Elon Musk’s role on Twitter puts Tesla’s board under new scrutiny

Since Elon Musk took over Twitter last month, his management of the social network has been marked by turmoil, intrigue and questions abound. Here’s one: How much time does he devote to his job as CEO of Tesla, the electric car maker?

Robyn Denholm, the president of Tesla, testified in court last week that while she didn’t know the answer, she was unperturbed. “Quantum of time is not a measure that concerns me,” she said. “It’s more the results he’s capable of driving.”

But while Mr. Musk has taken over Twitter, Tesla faces a series of threats to its business and its share price has plummeted. Some corporate governance experts say Tesla’s board needs to make sure the company has a leader who isn’t distracted.

“They’re violating their fiduciary responsibility if they don’t tackle this problem head-on,” said William Klepper, a management professor at Columbia Business School.

Tesla’s board has long been criticized by shareholder groups for its lack of independence from Mr Musk. When Tesla’s stock price was skyrocketing and the company seemed to have the electric car market mostly to itself, this argument found little resonance.

Today, Tesla faces much stiffer competition, particularly in China, a huge market for the company, and it’s still grappling with supply chain issues and scrutiny of safety issues with its driver assistance systems. Its stock has fallen nearly 60% from its peak a year ago; since Mr. Musk bought Twitter last month, the S&P 500 stock index is up 4.5%, but shares of Tesla are down 25%. Mr. Musk has sold about $30 billion of Tesla stock this year and last, in part to help fund his acquisition of Twitter.

“I would expect a good board to do everything they can to make sure a CEO is focused enough on their business,” said Brianna Castro, senior director of US research at Glass Lewis, a shareholder advisory firm. “And in situations similar to Tesla’s, a good board would ask why its stock is down when the market is up, and do what it can to address the issues.”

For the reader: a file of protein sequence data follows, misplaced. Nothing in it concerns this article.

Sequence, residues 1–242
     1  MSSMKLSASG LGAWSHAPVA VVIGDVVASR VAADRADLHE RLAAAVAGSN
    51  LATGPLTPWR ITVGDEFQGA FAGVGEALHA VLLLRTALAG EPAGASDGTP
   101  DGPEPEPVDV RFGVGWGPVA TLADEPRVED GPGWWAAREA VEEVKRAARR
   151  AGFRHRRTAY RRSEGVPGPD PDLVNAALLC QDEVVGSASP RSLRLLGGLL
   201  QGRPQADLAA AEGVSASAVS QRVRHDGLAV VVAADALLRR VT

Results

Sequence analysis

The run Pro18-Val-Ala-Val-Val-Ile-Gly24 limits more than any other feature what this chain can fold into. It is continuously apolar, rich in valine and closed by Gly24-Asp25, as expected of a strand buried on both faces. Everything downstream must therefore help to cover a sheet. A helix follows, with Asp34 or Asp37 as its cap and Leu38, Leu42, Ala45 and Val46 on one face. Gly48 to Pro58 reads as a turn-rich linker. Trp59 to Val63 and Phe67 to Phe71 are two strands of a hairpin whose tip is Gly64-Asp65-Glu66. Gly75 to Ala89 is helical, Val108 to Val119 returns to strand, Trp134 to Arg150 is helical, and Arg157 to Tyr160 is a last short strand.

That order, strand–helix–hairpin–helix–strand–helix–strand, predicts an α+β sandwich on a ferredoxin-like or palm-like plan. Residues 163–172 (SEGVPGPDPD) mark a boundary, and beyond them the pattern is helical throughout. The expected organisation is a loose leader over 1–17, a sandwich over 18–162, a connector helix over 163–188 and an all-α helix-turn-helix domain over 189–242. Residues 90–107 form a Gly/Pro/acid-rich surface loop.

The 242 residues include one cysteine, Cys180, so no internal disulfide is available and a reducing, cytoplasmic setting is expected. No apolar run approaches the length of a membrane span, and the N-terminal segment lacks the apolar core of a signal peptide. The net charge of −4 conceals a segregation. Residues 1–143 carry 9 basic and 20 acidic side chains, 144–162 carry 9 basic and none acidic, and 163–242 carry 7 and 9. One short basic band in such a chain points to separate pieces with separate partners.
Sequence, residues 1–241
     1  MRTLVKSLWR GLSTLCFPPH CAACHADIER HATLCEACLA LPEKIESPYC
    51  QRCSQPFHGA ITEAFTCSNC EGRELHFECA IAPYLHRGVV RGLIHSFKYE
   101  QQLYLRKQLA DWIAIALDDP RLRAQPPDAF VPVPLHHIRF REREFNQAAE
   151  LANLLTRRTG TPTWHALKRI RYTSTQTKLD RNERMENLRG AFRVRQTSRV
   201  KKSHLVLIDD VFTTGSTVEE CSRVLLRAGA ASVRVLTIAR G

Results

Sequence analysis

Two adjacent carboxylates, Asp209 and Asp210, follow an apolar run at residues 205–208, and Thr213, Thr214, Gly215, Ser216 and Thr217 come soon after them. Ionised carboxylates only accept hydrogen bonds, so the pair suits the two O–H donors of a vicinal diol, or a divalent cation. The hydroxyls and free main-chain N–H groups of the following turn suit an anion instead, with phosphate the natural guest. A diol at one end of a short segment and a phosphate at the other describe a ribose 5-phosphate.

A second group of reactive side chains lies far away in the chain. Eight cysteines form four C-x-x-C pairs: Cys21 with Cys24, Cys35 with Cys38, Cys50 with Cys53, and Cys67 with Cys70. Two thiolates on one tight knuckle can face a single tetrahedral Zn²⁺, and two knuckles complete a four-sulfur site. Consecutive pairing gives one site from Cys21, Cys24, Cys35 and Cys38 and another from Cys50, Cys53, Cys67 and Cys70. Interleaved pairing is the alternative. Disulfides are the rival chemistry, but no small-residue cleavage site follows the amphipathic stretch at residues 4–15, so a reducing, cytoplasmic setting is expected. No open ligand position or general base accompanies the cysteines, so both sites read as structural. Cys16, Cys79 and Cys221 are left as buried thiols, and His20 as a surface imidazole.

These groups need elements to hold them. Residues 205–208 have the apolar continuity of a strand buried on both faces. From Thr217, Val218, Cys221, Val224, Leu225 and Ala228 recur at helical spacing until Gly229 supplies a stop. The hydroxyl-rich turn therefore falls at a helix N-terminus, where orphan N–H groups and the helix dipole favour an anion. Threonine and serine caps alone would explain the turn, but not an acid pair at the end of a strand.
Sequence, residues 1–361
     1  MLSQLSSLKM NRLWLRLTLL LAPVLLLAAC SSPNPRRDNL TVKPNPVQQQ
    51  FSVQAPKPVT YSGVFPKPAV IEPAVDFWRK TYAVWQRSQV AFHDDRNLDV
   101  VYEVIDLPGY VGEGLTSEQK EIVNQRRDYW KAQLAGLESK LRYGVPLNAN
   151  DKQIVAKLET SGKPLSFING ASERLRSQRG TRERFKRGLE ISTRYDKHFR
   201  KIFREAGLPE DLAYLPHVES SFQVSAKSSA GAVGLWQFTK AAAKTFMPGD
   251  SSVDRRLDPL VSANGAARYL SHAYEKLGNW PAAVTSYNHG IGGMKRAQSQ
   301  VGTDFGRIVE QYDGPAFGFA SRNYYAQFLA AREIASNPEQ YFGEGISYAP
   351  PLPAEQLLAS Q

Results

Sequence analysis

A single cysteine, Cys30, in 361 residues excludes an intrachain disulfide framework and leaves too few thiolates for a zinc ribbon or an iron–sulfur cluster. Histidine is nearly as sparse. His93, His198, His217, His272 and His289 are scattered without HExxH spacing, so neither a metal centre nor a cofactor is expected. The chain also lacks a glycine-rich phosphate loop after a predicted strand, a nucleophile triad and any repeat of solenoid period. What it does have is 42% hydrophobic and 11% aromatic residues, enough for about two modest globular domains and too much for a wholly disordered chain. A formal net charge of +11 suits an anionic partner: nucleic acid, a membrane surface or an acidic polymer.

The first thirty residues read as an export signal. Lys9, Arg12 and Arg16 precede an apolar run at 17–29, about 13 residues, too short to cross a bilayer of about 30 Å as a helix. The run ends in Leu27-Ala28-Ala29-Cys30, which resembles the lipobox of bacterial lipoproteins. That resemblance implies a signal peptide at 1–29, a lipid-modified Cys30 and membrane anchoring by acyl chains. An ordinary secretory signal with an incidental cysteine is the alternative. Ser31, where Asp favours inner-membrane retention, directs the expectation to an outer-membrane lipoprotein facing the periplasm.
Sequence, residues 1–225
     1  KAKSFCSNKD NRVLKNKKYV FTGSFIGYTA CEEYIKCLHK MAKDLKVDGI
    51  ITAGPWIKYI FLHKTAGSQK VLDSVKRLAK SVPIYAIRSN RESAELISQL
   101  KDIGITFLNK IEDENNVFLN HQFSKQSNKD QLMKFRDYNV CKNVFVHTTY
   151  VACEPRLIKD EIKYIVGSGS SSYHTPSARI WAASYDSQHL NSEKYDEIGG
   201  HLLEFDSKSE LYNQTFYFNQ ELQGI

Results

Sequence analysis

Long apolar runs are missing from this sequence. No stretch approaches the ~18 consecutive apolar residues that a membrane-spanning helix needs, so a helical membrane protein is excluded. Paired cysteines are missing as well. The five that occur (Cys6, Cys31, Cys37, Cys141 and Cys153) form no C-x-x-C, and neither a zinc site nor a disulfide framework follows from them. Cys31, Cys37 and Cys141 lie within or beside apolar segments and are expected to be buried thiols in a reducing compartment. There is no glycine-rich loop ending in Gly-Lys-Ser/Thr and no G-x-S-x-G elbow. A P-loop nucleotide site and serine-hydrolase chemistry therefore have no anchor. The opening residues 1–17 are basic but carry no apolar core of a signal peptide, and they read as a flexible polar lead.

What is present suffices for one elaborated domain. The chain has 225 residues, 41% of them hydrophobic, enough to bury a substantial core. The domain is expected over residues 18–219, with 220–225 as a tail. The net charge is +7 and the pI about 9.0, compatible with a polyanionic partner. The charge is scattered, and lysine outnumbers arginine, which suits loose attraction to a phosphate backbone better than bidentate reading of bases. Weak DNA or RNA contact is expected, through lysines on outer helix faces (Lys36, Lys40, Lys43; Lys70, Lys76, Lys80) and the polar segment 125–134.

Some corporate governance experts worry that the views of board members could be clouded by their personal relationships with Mr. Musk. Mr. Musk’s brother, Kimbal, is a member, and other directors, like James Murdoch, a media executive and son of Rupert Murdoch, are longtime friends of Mr. Musk. Some members of Tesla’s board of directors have financial ties to Mr. Musk’s other businesses, such as SpaceX, the rocket company.

Another factor: Tesla directors receive compensation, almost entirely in shares, which is far greater than that received by directors of other large companies, allowing some of them to amass fortunes over the years.

“If the salary is so compelling that the director is going to be motivated to do everything reasonably possible to keep this sauce going,” said Marc Goldstein, head of US research at ISS Governance, a shareholder advisory group, “this will interfere with the director exercising independent control over the management team. ISS recommended voting against the re-election of some Tesla directors.

Mr. Musk and Tesla did not respond to requests for comment.

Ms. Denholm’s testimony in the Delaware Court of Chancery last week concerned a pay deal Mr. Musk received in 2018 that ended up awarding him tens of billions of dollars in Tesla stock. A shareholder filed a lawsuit claiming the payment was excessive and that the board failed to act with sufficient independence when approving it.

Mr Musk was both chief executive and chairman of Tesla until he was forced to resign as chairman as part of a settlement with the Securities and Exchange Commission in 2018 to resolve fraud charges in securities.

Ms. Denholm, a former telecommunications executive who assumed the presidency, made huge sums as director. His compensation, made up almost entirely of stock options, was $5.8 million in 2020, well above the average salary of a director of a large public company.